POLITICAL LANDSCAPE:Assemblyman receives new addition

Tran welcomes first child. Also, a ballot measure would cap retirement benefits new government employees could collect.

June 28, 2007|By Alicia Robinson

Costa Mesa Assemblyman Van Tran will be working some late nights, but not for marathon budget negotiations with other legislators. Instead of trying to cut taxes and shrink government, he'll be warming bottles and changing diapers for his first child.

Tran's wife, Cyndi, gave birth early Friday to the couple's son. Alexander Thai-Son Tran (the assemblyman says the middle name means "great mountain" in Vietnamese) weighed 6 pounds, 11 ounces and was born two weeks early.

Tran said Wednesday being in the delivery room to watch the birth was "a gift from God." But while being a father is great, it has its trials.


"Changing a lot of diapers is the most difficult thing, because he's so tiny and he cries and he wiggles a lot," Tran said.

Parenthood has given Tran a new perspective on his job and responsibilities as a legislator, he said.

"You really wonder and you can't help but ask yourself, 'What kind of future does my son have here in California or in the United States 20 or 30 years from now — how will we be as a country and what opportunities will he have?' " Tran said.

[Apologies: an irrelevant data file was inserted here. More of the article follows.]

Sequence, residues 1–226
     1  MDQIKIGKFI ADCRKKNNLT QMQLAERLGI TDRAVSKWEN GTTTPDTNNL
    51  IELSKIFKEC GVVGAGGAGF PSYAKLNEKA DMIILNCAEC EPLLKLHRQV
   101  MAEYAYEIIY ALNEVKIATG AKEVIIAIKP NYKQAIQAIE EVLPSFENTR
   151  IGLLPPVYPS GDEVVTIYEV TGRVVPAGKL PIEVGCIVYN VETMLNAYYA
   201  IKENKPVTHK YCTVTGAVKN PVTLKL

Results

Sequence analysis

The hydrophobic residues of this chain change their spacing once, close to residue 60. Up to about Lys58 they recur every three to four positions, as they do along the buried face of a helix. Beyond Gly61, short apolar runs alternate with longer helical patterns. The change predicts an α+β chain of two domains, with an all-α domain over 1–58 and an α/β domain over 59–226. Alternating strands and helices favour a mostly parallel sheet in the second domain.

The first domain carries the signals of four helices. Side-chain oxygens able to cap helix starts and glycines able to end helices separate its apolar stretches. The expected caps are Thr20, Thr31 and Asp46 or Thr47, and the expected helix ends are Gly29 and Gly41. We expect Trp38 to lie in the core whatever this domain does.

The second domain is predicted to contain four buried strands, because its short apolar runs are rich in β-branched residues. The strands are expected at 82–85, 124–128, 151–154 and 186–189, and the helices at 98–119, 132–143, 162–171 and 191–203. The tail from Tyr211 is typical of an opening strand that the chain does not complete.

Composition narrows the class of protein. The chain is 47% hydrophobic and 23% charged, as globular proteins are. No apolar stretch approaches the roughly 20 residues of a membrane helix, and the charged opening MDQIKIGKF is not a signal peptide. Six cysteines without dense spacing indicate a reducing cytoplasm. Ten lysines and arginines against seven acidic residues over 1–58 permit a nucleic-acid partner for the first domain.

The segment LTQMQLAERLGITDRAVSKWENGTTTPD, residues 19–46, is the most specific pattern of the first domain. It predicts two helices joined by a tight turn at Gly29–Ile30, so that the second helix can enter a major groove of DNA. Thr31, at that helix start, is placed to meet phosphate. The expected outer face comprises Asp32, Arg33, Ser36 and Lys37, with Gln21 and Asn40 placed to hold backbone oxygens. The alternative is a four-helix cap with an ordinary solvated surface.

"Definitely, as with any father or any parent, you want to see your kid grow up to be happy and healthy and to have all the opportunities that you have."

Reining in the rising cost of government employee pensions is the purpose of a new ballot measure, backed by Orange County Supervisor John Moorlach. The measure, filed last week with the secretary of state, would cap the amount of retirement benefits new government employees could collect.

The more cynical among us might ask, as an elected official doesn't Moorlach himself collect a government pension? In fact, one Daily Pilot reader did ask, commenting on the paper's website posting under the name "Citizen": "Moorlach should make a sign of goodwill by forgoing his own government pension and only accepting one based upon his new formula."

For the record, Moorlach said he did try to opt out of the county pension plan when he was appointed treasurer in 1994. But nobody administrating the pension could understand why he'd refuse it, and they made it so difficult to get out, he just stayed in, he said.

"I asked, I researched it, and I got the door shut in my face," he said.

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